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Competition Law, Part 13

Since there are many small and medium firms in ASEAN countries, and these firms fear that an ASEAN regional market open to powerful TNCs might significantly affect local smaller firms, to protect the competitive position of such local companies and to ensure fair competition will increase their confidence in doing business in the single ASEAN open market(25). A regional competition law and policy could fulfil this task.

Competition law could also allow each country to protect its indigenous enterprises or national/cultural industries to preserve country specific values or to maintain the country’s specific renown for its own competitiveness globally(26). In the Czech Beer Case, the American firm, Anheuser-Busch, brewer of the American Budweiser lager beer, wanted to acquire a stake in Czech Budvar, famous for Budweiser Budvar lager beer, so far unsuccessfully. Both companies produce the same brand name of "Budweiser" beer and they have had disagreement over the brand name, but neither of them have exclusive right to use the brand name internationally, so they settled the dispute by allocating the use of the name in different markets(27). However, a conflict occurred when they both entered the European markets, where the agreement did not clearly define the territory of the use of the name by each party. The American firm thus wanted to merge the two companies so that it could produce and sell the product world-wide without any constraint. However, Czech Budvar has been regarded as the distinct producer of the real Czech Budweiser lager beer, and the consumers, both within the Czech Republic and in other countries, favour this typical and unique beer, and prefer the Budweiser beer to be originally produced by Czech Budvar. They wanted to preserve Czech Budvar as the national indigenous industry and had active movements and campaigns to stop the acquisition by the American firm.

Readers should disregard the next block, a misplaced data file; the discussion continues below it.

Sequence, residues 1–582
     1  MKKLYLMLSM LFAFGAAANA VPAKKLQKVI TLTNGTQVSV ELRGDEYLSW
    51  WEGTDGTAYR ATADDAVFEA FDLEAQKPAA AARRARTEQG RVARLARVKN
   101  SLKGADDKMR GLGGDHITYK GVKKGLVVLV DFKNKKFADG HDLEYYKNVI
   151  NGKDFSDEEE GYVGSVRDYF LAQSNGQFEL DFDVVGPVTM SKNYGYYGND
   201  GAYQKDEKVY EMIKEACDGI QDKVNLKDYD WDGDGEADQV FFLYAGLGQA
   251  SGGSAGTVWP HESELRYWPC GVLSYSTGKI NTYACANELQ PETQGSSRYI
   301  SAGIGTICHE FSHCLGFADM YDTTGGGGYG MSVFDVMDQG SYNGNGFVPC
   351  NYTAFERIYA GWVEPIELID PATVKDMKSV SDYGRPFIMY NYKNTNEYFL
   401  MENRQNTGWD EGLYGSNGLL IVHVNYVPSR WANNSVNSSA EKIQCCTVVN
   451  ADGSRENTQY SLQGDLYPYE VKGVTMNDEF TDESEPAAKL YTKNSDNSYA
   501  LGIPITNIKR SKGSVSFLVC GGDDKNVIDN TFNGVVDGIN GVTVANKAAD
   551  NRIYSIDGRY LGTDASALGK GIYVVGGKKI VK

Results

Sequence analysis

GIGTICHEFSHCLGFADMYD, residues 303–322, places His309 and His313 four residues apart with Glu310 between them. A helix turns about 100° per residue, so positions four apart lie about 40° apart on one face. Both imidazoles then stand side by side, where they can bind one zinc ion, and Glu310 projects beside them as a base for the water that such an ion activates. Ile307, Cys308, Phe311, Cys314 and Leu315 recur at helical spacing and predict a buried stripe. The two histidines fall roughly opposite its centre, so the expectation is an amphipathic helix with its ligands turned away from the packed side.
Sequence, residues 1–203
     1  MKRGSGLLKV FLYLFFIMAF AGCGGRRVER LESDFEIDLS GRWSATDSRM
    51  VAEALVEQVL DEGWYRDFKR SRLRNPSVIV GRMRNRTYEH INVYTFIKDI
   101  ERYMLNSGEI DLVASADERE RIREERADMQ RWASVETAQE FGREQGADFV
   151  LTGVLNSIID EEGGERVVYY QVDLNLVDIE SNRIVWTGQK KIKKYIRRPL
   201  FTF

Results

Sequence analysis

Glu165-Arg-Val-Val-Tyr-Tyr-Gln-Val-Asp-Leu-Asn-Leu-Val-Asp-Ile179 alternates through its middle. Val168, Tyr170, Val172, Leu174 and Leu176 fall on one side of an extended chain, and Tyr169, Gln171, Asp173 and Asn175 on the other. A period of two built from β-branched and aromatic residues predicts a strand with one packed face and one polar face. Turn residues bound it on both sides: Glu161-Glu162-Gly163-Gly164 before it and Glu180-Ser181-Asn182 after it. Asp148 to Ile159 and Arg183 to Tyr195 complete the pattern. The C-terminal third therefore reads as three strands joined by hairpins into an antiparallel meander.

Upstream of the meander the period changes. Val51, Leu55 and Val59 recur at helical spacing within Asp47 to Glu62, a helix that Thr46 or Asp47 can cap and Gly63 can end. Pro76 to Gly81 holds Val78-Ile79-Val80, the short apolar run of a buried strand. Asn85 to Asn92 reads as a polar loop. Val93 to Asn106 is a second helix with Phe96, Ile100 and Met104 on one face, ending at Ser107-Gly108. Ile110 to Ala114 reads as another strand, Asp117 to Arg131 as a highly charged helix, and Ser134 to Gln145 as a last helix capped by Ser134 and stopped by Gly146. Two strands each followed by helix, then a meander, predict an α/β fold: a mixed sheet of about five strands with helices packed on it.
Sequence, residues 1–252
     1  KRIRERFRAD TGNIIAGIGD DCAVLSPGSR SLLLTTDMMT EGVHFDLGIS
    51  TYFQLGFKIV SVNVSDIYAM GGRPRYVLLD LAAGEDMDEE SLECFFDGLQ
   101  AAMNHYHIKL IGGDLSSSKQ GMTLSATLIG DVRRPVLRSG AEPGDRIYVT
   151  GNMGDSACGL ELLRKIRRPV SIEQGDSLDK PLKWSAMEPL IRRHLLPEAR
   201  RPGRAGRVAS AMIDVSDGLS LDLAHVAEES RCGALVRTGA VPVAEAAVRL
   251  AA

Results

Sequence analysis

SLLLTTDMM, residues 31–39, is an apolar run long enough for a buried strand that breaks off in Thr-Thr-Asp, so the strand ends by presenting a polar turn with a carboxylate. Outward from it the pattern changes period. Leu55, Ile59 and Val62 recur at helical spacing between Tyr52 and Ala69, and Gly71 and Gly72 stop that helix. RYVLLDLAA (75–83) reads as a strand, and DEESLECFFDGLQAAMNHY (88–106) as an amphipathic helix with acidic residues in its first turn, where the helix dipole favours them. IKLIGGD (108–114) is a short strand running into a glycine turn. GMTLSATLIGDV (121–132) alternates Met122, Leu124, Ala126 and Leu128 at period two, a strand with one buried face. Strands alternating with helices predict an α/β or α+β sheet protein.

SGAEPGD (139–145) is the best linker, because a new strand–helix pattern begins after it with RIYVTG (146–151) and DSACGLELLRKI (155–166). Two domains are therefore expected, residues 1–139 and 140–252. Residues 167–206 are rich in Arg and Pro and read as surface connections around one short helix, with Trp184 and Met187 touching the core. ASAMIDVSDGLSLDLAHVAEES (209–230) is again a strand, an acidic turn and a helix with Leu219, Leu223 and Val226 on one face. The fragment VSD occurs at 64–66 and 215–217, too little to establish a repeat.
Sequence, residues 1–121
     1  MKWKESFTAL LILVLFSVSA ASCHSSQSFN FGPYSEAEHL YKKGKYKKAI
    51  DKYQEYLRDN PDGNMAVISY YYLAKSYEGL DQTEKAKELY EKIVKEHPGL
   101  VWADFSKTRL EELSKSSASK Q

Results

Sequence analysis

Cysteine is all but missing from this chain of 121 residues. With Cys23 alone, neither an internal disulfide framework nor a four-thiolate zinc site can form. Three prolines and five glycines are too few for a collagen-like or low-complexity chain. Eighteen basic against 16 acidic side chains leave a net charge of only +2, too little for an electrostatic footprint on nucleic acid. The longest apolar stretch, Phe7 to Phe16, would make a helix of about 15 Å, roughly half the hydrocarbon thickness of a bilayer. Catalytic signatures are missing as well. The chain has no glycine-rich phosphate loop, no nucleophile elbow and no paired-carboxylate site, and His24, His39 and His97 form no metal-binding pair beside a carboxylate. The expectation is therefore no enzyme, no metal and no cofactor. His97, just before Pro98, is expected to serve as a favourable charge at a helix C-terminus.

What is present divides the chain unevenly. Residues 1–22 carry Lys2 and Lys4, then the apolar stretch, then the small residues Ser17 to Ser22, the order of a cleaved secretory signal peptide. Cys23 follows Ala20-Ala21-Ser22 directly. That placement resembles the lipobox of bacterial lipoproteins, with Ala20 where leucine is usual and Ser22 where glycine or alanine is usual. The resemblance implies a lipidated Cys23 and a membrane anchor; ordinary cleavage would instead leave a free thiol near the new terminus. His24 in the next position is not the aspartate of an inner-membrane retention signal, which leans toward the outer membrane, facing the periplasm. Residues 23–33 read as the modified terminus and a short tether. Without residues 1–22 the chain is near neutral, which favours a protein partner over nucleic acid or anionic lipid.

Muchlinski argued, in relation to this case, that since the Czech Republic, the only one among the transitional economies, has abolished specialised foreign investment laws and has actively liberalised investment, only privatisation and competition law could act as vehicles for the close screening of foreign investment. The EU law as a source of principles for the regulation of foreign investment would also be justified, because the Czech Republic and the EU have had an agreement (28) to bring the Czech’s commercial and economic laws into line with EU law as a prelude to possible future membership of the EU. Therefore, EU competition law, which concerns the anti-competitive and concerted practices, abuse of a dominant position and preferential state aids that distort competition, must be taken into account regarding any business practices in the Czech Republic. Competition law could provide an alternative screening procedure for foreign investment to examine any threat of damage to national industry by means of merger or acquisition. In this perspective, the protection of indigenous industries could be based on the ground of the concern for consumers and the availability of a range of choice of products, which can include cultural diversity.

ASEAN countries follow an "Open Door" policy and thus liberalise investment so regional competition law, which is consistent to liberalisation, would play an important role in protecting domestic firms from damage such as in the Czech Beer case. ASEAN can thereby reconcile a positive approach to foreign investors, justified by the lack of regulatory control, while at the same time exercising control over undesirable market and social effects of FDI through laws that apply to foreign and domestic firms alike, notably competition law, merger & acquisition control regulation, and anti-monopoly control(29). In this way control over foreign investors and the preservation of the equal treatment of foreign investors and domestic investors in the same area of industry can be reconciled.